While it is impossible to find someone with a mother's dedication to her differently abled child, the law does allow for several avenues by which others can make medical decisions. A Health Care Proxy allows a mentally ill person to appoint another individual to make medical decisions in that person's place. Moreover, a Health Care Proxy can be created which can appoint the individual's mother as the initial decision maker (Health Care Agent), and then a successor Agent who will step in to make decisions when the mother is no longer capable of doing so. This all assumes that the child in need has the capacity to choose a health care agent and successor agent and one is available to act in that role.
In the event that the person is lacks the capacity to appoint an agent, the newly enacted Family Health Care Decisions Act allows for family, and/or friends to make decisions even if a Health Care Proxy is not completed. The law creates a hierarchy of decision makers; the spouse, if not legally separated from the individual, or the domestic partner; a son or daughter eighteen years of age or older; a parent; a brother or sister eighteen years of age or older; or a close friend.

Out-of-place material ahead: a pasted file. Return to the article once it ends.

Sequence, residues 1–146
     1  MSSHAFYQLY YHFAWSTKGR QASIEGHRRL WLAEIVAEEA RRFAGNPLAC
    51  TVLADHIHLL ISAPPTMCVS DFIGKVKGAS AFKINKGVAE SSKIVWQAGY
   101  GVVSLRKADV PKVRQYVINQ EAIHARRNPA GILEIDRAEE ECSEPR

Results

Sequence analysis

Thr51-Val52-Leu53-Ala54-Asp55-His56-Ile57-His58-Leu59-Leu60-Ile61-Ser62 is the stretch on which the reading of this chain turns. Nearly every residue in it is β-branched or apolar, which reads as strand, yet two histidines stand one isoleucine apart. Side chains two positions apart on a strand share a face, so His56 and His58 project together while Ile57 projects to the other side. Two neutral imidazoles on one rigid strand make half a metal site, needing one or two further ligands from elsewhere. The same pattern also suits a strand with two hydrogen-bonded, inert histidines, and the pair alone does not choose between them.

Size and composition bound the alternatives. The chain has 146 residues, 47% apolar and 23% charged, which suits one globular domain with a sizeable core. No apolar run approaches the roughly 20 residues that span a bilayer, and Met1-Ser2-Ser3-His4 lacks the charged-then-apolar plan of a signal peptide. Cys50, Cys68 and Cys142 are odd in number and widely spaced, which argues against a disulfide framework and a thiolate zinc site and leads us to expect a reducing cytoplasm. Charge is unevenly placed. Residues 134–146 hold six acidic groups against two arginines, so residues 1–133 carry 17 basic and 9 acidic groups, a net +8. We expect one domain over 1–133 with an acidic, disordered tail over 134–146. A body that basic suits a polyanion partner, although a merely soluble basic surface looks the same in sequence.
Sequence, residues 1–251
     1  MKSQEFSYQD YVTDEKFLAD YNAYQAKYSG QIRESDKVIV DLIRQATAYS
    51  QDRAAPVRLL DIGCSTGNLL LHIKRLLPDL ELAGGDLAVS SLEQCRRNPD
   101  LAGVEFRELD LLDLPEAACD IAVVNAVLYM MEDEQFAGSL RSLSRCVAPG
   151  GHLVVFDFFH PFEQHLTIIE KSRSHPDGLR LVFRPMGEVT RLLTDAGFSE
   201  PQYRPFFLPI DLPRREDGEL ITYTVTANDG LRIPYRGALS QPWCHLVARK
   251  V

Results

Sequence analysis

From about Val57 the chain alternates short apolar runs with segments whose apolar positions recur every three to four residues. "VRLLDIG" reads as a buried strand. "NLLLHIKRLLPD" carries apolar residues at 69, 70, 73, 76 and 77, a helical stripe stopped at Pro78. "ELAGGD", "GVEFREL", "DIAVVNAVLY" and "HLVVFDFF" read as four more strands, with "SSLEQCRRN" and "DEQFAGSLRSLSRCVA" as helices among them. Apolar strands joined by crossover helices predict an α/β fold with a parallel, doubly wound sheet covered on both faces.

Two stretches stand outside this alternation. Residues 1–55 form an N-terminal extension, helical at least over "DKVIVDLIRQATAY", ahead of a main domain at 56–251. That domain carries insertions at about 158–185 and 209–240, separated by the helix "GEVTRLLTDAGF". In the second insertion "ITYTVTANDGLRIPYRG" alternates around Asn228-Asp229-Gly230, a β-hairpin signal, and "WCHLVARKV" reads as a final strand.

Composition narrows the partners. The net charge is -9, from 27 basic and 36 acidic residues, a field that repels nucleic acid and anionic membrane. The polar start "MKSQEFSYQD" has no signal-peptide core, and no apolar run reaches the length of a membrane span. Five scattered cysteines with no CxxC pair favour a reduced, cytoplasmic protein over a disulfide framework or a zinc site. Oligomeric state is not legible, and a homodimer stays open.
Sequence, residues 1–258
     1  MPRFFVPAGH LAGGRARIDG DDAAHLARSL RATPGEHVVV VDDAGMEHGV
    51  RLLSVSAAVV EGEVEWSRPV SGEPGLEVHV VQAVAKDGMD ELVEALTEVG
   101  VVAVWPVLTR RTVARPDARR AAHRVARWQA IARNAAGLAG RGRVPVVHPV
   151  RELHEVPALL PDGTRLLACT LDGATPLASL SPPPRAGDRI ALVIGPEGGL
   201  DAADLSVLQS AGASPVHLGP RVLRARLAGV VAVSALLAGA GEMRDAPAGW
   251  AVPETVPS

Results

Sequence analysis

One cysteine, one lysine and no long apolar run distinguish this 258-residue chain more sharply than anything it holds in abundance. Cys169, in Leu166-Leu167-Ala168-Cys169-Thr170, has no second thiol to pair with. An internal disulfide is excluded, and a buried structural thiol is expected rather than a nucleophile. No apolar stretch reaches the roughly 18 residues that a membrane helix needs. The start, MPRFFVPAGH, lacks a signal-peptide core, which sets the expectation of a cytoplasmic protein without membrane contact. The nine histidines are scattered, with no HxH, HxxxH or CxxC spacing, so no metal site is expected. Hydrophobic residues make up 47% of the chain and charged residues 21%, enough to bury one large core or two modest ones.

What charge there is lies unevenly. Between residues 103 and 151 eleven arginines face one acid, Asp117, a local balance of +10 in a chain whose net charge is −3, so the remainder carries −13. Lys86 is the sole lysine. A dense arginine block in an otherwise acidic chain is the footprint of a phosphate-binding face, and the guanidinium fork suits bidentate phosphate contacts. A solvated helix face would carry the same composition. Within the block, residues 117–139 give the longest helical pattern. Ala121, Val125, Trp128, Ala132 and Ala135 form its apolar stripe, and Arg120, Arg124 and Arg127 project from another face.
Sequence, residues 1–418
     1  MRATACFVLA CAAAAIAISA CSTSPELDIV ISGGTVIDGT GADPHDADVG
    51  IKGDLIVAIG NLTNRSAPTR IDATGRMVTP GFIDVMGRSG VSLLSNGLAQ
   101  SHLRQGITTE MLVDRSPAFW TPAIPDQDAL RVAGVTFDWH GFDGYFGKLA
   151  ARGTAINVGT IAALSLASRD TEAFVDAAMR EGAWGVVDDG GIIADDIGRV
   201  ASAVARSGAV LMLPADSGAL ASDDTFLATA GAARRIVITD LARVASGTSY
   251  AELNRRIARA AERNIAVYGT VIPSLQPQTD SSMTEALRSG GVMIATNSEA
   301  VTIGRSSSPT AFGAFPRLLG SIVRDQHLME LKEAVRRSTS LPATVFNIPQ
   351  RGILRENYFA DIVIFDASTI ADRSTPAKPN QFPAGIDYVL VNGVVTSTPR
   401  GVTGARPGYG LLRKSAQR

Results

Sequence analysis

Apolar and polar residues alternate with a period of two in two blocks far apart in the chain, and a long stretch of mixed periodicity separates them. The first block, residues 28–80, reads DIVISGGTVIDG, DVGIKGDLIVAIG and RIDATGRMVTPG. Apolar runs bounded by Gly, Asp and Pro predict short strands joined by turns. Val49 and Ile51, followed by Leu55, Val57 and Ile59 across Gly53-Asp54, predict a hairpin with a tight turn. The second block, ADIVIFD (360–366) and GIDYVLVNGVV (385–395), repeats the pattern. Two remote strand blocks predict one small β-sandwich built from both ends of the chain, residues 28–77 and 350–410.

It is important to note, however, that whether applying a Health Care Proxy or the Family Health Care Decisions Act, no one may make decisions to involuntarily hospitalize an individual or to force someone to take medication over their objection.
When dealing with end of life issues, there are other options, such as a Living Will or Do Not Resuscitate Order, which will ensure that an individual's medical needs and desires will be properly cared for. These instruments create specific instructions for health care providers on what treatment the person wants and does not want in the event they are suffering from a disease that will surely take their life. (Again assuming the person has the mental capacity to execute such a document or directive.)